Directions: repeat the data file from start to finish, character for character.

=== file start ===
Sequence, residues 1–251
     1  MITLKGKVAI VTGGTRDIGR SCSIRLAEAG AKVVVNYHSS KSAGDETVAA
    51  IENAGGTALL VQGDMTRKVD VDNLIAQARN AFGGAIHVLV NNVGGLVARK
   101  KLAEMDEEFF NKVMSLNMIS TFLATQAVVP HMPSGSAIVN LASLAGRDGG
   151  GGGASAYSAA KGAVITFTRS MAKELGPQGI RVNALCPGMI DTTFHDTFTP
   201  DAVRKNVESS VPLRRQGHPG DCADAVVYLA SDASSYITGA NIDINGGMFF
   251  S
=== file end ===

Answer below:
Sequence, residues 1–251
     1  MITLKGKVAI VTGGTRDIGR SCSIRLAEAG AKVVVNYHSS KSAGDETVAA
    51  IENAGGTALL VQGDMTRKVD VDNLIAQARN AFGGAIHVLV NNVGGLVARK
   101  KLAEMDEEFF NKVMSLNMIS TFLATQAVVP HMPSGSAIVN LASLAGRDGG
   151  GGGASAYSAA KGAVITFTRS MAKELGPQGI RVNALCPGMI DTTFHDTFTP
   201  DAVRKNVESS VPLRRQGHPG DCADAVVYLA SDASSYITGA NIDINGGMFF
   251  S